Quad Core Necessary?
ComputerBeast86
Hello all,
Thank you for taking the time to read my question.
I am currently doing a lot of statistical simulations (in C, FORTRAN or R) for my PhD thesis and am looking to speed things up a little bit. For example, if I want to simulate some random process 10,000 times and, for example, average the run length of each iteration, the total run time is about 8 hours using a single processor.
I am familiar with how quad core processors work, but I wanted to ask this question to be sure. If I upgrade to a quad core and instead run 4 random processes simultaneously at 2500 iterations each, would each of the cores be utilized, speeding up the whole sequence? Some of the software I use (for example, R) does not really support parallel processing, so if I have four programs open and running simultaneously, would that take advantage of all the processors?
Thanks!
Richard
Thank you for taking the time to read my question.
I am currently doing a lot of statistical simulations (in C, FORTRAN or R) for my PhD thesis and am looking to speed things up a little bit. For example, if I want to simulate some random process 10,000 times and, for example, average the run length of each iteration, the total run time is about 8 hours using a single processor.
I am familiar with how quad core processors work, but I wanted to ask this question to be sure. If I upgrade to a quad core and instead run 4 random processes simultaneously at 2500 iterations each, would each of the cores be utilized, speeding up the whole sequence? Some of the software I use (for example, R) does not really support parallel processing, so if I have four programs open and running simultaneously, would that take advantage of all the processors?
Thanks!
Richard
4
answers
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More about quad core necessary

It would but they will take longer to complete based on RAM usage.
You are asking if a quad is necessary? No. But here is the catch  you are kinda forced into buying one. You want a processor that can calculate a lot on a very short cycle. Guess what? All the newest processors are quad cores minus the i3. I am uncertain about the specific instruction sets your program uses so find out if it favors AMD or Intel architecture. AMD go for the 955 or hex core and OC to 4.0. Intel go for the 750 and OC to 4.0. Toss in at least 4 gigs of ram and you should be set. I give you this advice with a grain of salt because your description of what you needed was very ambiguous. More research on specifics on your part would be welcome. Good luck. 
I'm planning on putting in 4 gigs of ram, probably 6.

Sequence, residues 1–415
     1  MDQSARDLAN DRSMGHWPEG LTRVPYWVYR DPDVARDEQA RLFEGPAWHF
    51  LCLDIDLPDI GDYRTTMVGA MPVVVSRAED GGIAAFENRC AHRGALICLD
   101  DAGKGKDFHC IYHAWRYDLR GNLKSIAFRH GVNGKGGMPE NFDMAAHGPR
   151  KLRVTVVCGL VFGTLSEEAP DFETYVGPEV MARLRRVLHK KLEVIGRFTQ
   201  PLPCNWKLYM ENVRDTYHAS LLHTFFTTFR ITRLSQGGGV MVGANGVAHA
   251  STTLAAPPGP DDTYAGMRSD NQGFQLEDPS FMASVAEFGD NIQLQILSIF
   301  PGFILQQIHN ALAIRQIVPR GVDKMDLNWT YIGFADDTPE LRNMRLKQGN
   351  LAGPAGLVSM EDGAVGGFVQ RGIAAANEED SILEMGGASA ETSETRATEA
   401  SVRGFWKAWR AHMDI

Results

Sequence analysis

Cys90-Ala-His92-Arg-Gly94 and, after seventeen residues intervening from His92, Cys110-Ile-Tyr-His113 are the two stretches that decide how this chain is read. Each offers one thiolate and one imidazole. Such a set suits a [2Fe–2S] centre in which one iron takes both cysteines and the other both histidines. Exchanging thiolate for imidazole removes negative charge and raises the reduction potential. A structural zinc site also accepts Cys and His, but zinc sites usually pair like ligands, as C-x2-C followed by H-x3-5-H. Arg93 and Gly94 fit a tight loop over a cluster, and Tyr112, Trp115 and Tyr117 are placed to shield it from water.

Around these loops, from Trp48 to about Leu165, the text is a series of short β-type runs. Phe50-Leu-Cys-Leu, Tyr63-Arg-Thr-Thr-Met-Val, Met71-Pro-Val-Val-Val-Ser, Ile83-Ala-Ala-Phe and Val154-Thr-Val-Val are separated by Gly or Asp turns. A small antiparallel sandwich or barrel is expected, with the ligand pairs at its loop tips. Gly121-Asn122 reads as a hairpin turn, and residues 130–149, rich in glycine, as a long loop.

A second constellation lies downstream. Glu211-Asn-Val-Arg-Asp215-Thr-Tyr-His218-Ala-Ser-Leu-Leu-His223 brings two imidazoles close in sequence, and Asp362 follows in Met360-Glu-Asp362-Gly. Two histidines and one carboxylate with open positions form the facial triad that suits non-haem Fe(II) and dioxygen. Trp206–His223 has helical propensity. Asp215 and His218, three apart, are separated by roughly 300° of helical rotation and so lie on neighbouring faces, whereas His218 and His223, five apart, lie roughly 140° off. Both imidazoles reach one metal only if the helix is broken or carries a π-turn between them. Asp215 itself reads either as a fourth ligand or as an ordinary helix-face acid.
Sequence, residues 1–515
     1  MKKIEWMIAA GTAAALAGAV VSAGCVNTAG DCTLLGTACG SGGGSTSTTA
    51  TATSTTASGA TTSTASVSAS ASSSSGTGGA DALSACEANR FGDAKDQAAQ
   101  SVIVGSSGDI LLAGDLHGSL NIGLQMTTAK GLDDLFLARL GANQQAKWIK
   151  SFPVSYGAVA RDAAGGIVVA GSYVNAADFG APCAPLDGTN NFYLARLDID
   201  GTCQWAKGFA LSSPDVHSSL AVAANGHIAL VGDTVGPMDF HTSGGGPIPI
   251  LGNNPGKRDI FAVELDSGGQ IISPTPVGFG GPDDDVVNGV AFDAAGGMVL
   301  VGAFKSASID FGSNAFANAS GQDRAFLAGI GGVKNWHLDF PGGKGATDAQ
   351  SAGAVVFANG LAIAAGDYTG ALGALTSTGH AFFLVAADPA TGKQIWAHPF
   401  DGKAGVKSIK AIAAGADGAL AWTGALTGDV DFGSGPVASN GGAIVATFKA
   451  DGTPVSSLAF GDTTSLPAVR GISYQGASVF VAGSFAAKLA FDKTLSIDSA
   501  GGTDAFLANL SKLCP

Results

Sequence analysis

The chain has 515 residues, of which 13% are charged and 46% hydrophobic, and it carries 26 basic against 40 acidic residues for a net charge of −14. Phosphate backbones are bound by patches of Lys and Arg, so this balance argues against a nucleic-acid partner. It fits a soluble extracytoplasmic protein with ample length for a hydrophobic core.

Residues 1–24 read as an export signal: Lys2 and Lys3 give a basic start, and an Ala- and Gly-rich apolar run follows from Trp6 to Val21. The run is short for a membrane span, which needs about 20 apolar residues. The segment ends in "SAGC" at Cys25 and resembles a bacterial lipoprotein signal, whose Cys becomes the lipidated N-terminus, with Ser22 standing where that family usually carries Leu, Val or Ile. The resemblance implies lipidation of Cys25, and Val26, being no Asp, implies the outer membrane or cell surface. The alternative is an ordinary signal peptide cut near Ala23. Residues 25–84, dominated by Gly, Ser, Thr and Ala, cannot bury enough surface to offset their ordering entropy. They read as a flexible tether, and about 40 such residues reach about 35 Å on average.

A very simple description of how my program works: at iteration 1, random numbers are generated until their sum reaches a certain threshold. Once it does, the program goes onto iteration 2, where the process is repeated (random numbers are summed until their sum reaches a certain cutoff) etc.... Positive and negative numbers are generated, so it may take a while for each iteration to end. There are 6,000 iterations.
The language (R) does not yet support parallel processing. I figured, based on my understand of multicore processors, that splitting this up into three simultaneous processes of 2,000 iterations, split up over the cores, would speed it up significantly (maybe not by 2/3, but still significantly.) I'm pretty sure the answer is yes, but I did want some outside confirmation to make sure I didn't miss anything.
I know that other languages (FORTRAN, C++) have support for parallel processing, but I don't use those nearly as much nowadays and am stuck with R. 
What is your current processor and what is the core usage? By my understanding of the level of programming you are doing it seems very basic and simple. Also since you stated your programming would NOT support parallel programming then it would not speed it up. 1 core would be overloaded while others would be free to do OTHER programs such as winamp, IE, etc. Does that make sense? A program does not offload calculations onto other cores unless it IS parallel. Now if you instruct your program to run off of specific cores and turn the iterations to 2,000 as you stated then you would be fine  similar to F@H. One program per core. Hope this helps.

Currently I have an intelCore 2 DUO @ 2 GhZ.
I think I may way overthinking this and not explaining it clearly.
Here is another example I can think of which is similar to the one I stated before and is hopefully more clear:
Suppose I need to print a consecutive list of numbers 1, 2, .... all the way out to some REALLY huge number, say n. I want to use Microsoft Excel to print this list out, but since the last number is so huge, it might take 10 minutes to generate the list on a single processor. Now suppose, instead, I have two excel programs open, one which generates the numbers 1, ... , n/2 (first half) and other which generates n/2+1, ...., n (the second half) and I run them both simultaneously. Would this situation take advantage of the separate processors? Assume that the single processor and dual processor are "high end" in their respective categories. Both of the programs are excel, and since I can't direct excel to split up the work over two processors, I instead use two excel programs.
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